Jennifer understands the value of compound interest. And, she's right to
want to use it to build wealth. But let's review for those who aren't that
familiar with it.
Compound interest is really pretty simple. If you loan money you expect to
earn a specific amount of interest over a specified time (for instance 4%
per year). Suppose that you leave the loan open for a second year. If your
loan were earning 'simple' interest it would earn the same rate and amount
as the year before.
But, in a compound interest loan instead of taking the interest you earn,
last year's interest is left with the original principal. The new interest
owed is calculated on that sum. So you're also earning interest on last
year's interest. And, that's 'compound' interest.
The concept is best discovered at an early age. Because the results are
most impressive after long periods of time. A dollar saved in your 20's is
much more valuable than one saved in your 50's.
Let's look at an example. We'll suppose that Jennifer had $1,000 in savings
and that she earned 4% on it annually. Further, let's say that she left it
in the bank for 50 years at the same 4% rate and that the account wasn't
compounded. At the end of the 50 years she'd have $3,000 (the original
$1,000 plus $2,000 in interest earned).
That example isn't completely realistic. Very few people would leave money
in a simple interest account for 50 years. But the example is instructive
because we're going to compare it to the results earned by compound interest.
So what happens to our example if the interest is earned and compounded
annually. Jennifer's $1,000 becomes $7,106 in 50 years. You wouldn't think
that earning 4% interest on a measly $40 could make such a big difference.
But it does. The interest earned the last year alone is $273. Thank you
What about timing? At the end of 30 years the $1,000 had only grown to
$3,243. That means that about 63% of the increase takes place in the last
40% of the time. So the sooner that Jennifer gets going the better.
Now to the meat of Jennifer's question. Where can you earn a good compound
rate of return? She's right. Bank rates aren't that attractive. But, in
fairness to them, they do guarantee that you can't lose any money.
So where should Jennifer look? The first place is to other banks. Banking
has become more competitive. Another bank may offer an account (and
interest rate) that's better for Jennifer.
It's also possible that she's getting the benefits of compounding without
realizing it. Consider a mutual fund account. If you automatically reinvest
any dividends, interest or capital gains, then it's the same as getting
compound interest. Technically it may not be called interest. But the money
spends just fine!
We don't have the time to discuss it here, but for long-term investing a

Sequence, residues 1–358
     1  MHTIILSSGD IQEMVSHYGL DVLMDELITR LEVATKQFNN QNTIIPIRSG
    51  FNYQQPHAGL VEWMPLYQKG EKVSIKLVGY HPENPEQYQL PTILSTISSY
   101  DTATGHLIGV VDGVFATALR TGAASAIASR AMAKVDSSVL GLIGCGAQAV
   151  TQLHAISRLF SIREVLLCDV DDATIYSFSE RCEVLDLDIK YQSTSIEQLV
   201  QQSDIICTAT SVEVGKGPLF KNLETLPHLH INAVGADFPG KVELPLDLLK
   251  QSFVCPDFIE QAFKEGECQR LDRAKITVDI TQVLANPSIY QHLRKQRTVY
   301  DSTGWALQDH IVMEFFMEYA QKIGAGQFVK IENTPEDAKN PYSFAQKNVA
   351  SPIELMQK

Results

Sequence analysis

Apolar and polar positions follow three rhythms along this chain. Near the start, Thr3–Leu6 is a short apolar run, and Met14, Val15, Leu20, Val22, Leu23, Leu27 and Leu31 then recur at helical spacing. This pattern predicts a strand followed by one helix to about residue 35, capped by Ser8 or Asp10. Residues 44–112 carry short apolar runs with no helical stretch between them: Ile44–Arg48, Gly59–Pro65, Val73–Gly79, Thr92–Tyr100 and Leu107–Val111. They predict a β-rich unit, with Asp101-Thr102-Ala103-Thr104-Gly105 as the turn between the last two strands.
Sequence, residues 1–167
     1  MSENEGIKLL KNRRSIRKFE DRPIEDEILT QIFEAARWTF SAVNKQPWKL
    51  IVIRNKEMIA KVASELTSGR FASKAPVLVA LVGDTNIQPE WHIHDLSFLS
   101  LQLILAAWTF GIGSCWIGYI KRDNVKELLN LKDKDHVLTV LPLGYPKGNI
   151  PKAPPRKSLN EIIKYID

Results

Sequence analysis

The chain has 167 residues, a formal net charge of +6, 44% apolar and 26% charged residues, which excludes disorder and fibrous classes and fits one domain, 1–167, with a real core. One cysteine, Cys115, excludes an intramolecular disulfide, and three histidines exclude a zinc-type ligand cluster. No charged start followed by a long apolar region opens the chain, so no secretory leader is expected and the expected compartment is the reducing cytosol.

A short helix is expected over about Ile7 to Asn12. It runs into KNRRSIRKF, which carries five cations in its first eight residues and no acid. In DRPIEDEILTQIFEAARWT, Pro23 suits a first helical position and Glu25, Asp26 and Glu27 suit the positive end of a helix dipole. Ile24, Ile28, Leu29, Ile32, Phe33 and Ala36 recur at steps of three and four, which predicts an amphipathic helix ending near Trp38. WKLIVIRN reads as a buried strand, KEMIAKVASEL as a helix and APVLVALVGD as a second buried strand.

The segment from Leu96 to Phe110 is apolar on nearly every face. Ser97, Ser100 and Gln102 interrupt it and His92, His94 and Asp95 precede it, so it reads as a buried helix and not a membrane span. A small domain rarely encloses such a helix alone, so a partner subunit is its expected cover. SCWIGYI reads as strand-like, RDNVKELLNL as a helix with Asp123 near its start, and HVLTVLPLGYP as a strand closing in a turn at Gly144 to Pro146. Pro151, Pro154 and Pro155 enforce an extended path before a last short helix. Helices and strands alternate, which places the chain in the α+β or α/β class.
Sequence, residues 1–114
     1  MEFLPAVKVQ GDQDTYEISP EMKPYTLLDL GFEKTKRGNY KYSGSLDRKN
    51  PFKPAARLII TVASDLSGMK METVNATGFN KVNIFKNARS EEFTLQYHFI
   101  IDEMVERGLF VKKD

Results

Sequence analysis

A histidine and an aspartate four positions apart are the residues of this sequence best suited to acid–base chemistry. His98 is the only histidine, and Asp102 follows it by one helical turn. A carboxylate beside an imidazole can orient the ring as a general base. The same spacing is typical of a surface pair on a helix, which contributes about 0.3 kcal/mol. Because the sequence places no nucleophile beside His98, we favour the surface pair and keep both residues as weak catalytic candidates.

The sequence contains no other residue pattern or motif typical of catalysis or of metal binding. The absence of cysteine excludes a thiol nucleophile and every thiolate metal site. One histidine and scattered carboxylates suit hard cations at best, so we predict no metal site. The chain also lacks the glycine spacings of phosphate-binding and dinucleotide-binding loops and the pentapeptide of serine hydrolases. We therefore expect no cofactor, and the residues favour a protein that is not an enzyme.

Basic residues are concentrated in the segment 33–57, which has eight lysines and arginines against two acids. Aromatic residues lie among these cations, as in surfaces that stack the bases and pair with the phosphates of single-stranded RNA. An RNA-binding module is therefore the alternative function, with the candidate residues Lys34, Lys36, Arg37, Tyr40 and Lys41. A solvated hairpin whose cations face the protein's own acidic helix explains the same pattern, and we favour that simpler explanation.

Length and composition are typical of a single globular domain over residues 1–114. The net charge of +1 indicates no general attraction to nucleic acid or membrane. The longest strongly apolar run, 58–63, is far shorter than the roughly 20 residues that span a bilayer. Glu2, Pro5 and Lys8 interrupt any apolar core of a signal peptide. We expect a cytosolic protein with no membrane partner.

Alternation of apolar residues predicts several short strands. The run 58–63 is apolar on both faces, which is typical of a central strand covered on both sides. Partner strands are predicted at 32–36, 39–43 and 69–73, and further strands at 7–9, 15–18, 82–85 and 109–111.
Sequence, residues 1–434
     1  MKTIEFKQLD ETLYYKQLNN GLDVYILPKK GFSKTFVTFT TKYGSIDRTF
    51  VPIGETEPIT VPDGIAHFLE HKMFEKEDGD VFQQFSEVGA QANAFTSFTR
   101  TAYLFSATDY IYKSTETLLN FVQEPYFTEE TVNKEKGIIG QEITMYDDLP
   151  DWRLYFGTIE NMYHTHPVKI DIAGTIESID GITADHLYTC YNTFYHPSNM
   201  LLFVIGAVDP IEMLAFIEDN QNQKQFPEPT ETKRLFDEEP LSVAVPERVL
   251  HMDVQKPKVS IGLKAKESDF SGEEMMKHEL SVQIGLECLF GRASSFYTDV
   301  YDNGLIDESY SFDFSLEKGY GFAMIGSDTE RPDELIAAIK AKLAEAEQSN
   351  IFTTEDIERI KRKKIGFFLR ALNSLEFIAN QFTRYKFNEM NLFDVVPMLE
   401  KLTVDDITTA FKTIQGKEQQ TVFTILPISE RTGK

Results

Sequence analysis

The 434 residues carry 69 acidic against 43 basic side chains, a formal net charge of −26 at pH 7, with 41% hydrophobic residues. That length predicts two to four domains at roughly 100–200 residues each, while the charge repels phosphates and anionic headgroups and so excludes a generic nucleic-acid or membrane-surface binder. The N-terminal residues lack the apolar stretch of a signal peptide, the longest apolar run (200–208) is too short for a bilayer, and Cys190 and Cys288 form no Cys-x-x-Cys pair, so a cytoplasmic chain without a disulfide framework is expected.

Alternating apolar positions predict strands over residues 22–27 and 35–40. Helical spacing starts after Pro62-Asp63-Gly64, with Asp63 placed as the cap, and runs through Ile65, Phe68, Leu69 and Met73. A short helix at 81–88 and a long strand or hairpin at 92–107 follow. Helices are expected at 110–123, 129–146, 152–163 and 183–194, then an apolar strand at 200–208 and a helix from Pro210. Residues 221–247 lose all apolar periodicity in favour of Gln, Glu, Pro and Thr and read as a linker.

basket of common stocks have always performed well. Even if you happened to
buy right before a market crash (like 1929). Some experts are predicting
that future returns won't be as good as past performance. But, even they
expect an annual return in the 6% or better range.
If we put Jennifer's $1,000 to work compounding at 6% annually it will grow
to $19,935 after 50 years. Not bad for a one-time investment of $1,000.
We won't try to pick a mutual fund for Jennifer. Unfortunately a single
email from her can't provide enough personal information to allow for good
advice in that area. But that shouldn't prevent her from finding one herself.
She can find an introduction to funds from the Securities and Exchange
Commission at sec.gov/investor/pubs/inwsmf.htm. Comparisons are available
at kiplinger.com and other magazines and websites. Look for well
established no-load funds with a long past record of success.
Two final thoughts. It's also important to realize that compound interest
can work against you. Carrying a balance on your credit card is a good
example. So the first way to take advantage of compound interest is to pay
off any credit card balances you're carrying.
Finally, we should note that compound interest is nothing new. In fact, Ben
Franklin promoted it centuries ago. In his will he left $5,000 each to the
cities of Boston and Philadelphia. Each city was to have a fund that would
last for 200 years. The money was to be loaned to needy young people at 5%
interest. After 100 years each city could withdraw $500,000 from the fund,
leaving the rest to work for the second 100 years. The cities managed to
deviate a bit from Franklin's plan, but they did clearly demonstrate the
benefits of compound interest.
Gary Foreman is a former financial planner who currently edits The Dollar Stretcher.com website and newsletters. If you wish you had more time or
money you'll want to visit today.